Newest broadcast indecency issue

If you seek Amy
Sanitizing the airwaves

In the latest attempt by the Parents Television Council to highlight broadcast indecency, the group called for a ban on radio airplay of "If You Seek Amy" because -- said rapidly -- children might hear the words as, spelling "Fuck Me." The idea is that the phrase can be heard as "F-U-C-K Me."

The controversy has drawn sharp lines in the blogosphere, as parents divide on use of language that children may be exposed to while listening to radio. Some parents and children, however, wrote that they did not hear the profanity in the song until it was pointed out in media by the PTC.

The song has made the Billboard Top 1oo chart and is receiving airplay around the country, according to Reuters.

Beyond the song title, the lyrics include the following: "All the boys and all the girls are begging to if you seek Amy," according to a music lyrics website.

Talking points: "This is a stretch," University of Nebraska at Omaha School of Communication Director Jeremy Lipschultz said. "If we now say that the phrase 'If you seek' belongs among words you cannot say on radio and television, where does this end?"

"By going after iterations of the F-word and dual-meanings, I think the moral crusaders weaken their shaken case that language should be restricted," Lipschultz said. "In a free society, we tolerate freedom of speech that we may not like -- especially in the absence of scientific evidence of harm to children.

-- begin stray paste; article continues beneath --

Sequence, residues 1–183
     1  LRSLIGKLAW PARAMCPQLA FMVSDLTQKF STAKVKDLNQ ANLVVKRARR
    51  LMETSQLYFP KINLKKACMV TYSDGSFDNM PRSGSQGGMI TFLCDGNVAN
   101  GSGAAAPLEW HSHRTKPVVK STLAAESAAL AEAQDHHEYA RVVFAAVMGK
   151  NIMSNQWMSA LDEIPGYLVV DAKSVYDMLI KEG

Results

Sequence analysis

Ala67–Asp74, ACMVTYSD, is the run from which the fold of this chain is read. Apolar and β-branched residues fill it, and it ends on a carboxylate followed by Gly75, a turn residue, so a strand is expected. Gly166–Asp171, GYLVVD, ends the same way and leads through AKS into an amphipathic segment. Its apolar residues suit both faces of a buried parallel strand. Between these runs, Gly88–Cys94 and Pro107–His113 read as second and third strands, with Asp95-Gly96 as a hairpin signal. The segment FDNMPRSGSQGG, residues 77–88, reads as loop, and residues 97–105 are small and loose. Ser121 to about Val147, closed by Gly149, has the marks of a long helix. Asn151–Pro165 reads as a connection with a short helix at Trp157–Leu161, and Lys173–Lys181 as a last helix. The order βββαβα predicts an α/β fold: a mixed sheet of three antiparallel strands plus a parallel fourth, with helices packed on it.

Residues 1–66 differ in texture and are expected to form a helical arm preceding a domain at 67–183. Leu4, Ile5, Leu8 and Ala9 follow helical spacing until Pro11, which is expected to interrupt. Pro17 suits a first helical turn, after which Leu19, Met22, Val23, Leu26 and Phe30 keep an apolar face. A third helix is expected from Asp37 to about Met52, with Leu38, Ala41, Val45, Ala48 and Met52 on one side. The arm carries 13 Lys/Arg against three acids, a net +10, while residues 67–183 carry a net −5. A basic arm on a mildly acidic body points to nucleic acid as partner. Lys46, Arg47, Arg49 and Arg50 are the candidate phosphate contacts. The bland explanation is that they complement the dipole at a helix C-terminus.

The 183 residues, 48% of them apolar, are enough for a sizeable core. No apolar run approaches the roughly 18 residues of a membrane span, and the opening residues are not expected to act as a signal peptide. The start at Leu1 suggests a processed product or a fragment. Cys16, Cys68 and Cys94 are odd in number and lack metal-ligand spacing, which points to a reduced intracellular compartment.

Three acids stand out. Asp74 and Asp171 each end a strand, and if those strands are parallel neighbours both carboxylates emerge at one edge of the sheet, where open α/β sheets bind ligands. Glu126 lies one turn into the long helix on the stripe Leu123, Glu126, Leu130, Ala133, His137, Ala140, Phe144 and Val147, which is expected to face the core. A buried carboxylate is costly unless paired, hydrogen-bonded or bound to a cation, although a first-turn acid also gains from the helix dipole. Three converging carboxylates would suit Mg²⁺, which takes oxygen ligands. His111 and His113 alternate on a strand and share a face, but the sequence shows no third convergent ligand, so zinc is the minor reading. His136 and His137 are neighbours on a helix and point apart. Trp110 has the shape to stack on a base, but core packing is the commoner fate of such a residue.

Bleeping words
Golden Globe Awards face new problem

With NBC censors using time delay to drop audio on numerous fleeting expletives, the Golden Globe Awards program Jan. 11 had a new problem: fleeting bird flipping.

The incident was plainly visible late in the show --
it is shown here from my TiVo.

Director Darren Aronofsky was seen in a second cut-away shot during Mickey Rourke's acceptance speech flipping his middle finger.

The FCC told Scott Collins of the Los Angeles Times that the agency is reviewing the program.

The incidents come as the Supreme Court prepares to rule on a New York Court of Appeals decision that struck down FCC regulation of fleeting use of the F-word and S-word on previous Golden Globe Awards programs between 2002 and 2005.

The FCC told the Times it has 18 new complaints from the recent show.

Talking points: "We have no case law on gestures, such as flipping the bird," University of Nebraska at Omaha School of Communication Director Jeremy Lipschultz said. "It is probably a stretch to classify it under the FCC's sexual or excretory activities standards."